As described by TechCrunch "ZombieLoad", as it is called, consists of four errors that can allow hackers to exploit the design errors in the chips to steal sensitive information directly from the processor.
These vulnerabilities are as serious as the Meltdown and Specter vulnerabilities discovered in early 2018, exploiting the same speculative execution process designed to speed up computing and performance.
A white paper shared by remarkable security researchers (including some who worked with Specter and Meltdown) provides details on how ZombieLoad works. [PDF]
Although programs normally only see their own data, a malicious program can exploit the fill buffers to obtain secrets that are currently being processed by other running programs. These secrets can be user-level secrets, such as browser history, site content, user codes, and passwords or system level secrets, such as disk encryption keys.
The attack does not only work on personal computers, but can also be exploited in the cloud.
ZombieLoad affects almost all Intel computers dating back to 201
There have been no reports of hackers using ZombieLoad's vulnerabilities now, and Intel has released the microcode for vulnerable processors. Apple addressed the vulnerability of the MacOS Mojave 10.14.5 update released yesterday and in security updates for earlier versions of macOS that were also released yesterday.
Apple has released security updates in macOS Mojave 10.14. 5 to protect against speculative execution problems in Intel processors.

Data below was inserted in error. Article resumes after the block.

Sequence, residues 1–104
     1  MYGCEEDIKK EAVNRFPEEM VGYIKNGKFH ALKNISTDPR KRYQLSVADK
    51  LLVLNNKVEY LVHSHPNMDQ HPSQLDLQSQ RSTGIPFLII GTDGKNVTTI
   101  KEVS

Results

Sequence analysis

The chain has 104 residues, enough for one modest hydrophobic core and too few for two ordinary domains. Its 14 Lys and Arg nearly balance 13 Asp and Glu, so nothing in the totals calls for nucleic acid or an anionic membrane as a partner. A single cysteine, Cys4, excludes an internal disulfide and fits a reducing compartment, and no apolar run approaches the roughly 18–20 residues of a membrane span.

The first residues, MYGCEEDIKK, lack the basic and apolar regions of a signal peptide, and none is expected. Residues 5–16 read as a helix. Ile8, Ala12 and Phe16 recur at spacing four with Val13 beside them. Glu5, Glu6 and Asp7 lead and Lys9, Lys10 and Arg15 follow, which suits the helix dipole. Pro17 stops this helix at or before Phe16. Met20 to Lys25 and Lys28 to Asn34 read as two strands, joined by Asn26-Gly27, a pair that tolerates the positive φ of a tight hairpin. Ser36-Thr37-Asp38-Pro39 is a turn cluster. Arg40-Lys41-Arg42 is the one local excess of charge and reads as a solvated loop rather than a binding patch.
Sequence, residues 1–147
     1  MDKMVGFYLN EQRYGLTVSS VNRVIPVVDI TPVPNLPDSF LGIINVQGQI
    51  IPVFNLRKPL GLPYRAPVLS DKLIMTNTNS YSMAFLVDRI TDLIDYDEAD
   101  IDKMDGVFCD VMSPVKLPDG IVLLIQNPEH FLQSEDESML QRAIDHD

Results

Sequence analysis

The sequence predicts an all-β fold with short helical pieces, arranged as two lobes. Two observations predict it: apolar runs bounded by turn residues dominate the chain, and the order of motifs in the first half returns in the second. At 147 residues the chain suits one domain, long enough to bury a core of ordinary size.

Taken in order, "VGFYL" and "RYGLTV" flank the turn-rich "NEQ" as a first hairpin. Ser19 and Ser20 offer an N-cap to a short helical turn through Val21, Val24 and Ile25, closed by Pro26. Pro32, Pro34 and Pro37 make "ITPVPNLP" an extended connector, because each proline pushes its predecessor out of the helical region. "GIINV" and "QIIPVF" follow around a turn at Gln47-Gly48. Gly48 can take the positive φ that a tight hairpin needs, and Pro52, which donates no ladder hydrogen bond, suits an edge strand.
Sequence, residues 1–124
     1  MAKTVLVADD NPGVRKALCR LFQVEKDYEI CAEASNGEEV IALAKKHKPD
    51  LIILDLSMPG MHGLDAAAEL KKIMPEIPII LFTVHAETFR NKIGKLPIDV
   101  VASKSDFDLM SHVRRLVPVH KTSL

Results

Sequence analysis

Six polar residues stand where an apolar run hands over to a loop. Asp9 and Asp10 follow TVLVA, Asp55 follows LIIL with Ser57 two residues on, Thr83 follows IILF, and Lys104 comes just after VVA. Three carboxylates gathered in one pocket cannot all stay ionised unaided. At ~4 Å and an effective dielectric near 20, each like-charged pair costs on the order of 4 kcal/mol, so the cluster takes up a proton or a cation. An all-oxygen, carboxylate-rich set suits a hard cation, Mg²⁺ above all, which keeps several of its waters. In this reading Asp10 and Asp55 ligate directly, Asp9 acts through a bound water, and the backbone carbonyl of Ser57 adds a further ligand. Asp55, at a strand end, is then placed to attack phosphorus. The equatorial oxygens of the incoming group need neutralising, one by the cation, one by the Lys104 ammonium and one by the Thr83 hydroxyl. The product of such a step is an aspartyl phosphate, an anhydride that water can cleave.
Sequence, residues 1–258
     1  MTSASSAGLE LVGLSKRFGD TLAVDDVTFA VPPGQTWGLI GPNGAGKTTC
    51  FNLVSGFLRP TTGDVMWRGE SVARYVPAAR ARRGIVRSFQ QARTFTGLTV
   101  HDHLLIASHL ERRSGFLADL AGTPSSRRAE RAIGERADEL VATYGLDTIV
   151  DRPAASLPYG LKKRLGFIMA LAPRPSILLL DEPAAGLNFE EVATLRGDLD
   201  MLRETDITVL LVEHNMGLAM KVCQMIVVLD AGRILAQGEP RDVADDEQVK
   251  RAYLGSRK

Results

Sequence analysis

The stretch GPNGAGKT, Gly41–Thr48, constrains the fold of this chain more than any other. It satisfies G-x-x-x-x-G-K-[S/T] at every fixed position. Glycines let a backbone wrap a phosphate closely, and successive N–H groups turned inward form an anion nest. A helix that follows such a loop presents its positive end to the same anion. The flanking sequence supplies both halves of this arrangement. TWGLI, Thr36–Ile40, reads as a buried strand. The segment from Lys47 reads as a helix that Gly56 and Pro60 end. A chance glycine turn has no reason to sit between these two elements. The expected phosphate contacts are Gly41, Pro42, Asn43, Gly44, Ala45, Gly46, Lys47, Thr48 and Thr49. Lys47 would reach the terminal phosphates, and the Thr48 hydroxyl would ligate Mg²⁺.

The issues addressed by these security updates do not affect Apple iOS devices or Apple Watch.
Apple released earlier security updates to defend against Specter a number of speculative execution vulnerabilities that affect devices with ARM-based and Intel processors. Intel has revealed several Specter vulnerabilities, called Microarchitectural Data Sampling (MDS), that apply to desktop and laptop computers with Intel processors, including all modern Macs.
An Apple Support Document on ZombieLoad Vulnerability provides details for "complete reduction" protection that can be activated for customers with increased risk computers or who run unsafe software on their Macs.
Complete limitation requires the use of the Terminal app to enable multiple CPU instructions and disable processing technology available to macOS Mojave High Sierra and Sierra, but not to some older machines. Apple says full reduction can reduce performance by up to 40 percent, so most users won't activate it.
An Intel spokesperson told TechCrunch that most patched consumer devices could take a 3 percent performance here at worst, and as much as 9 percent in a data center environment. But the spokesman said it was not likely to be noticeable in most scenarios.
As mentioned above, customers who activate Apple's full reduction option will actually see the processor's decline due to the need to disable hypertension.
One of the scientists who discovered ZombieLoad, Daniel Gruss, told TechCrunch that ZombieLoad is easier to exploit than Specter, but more difficult than Meltdown, and that it requires a certain set of skills, meaning average person does not have to worry.
Update: This article said earlier that Apple would release an update, but it has been updated to clarify that Apple resolved the issue in security updates made available to Mac owners yesterday. Customers running Mojave should update to macOS 10.14.5, while customers who run older versions of macOS should install any available security updates.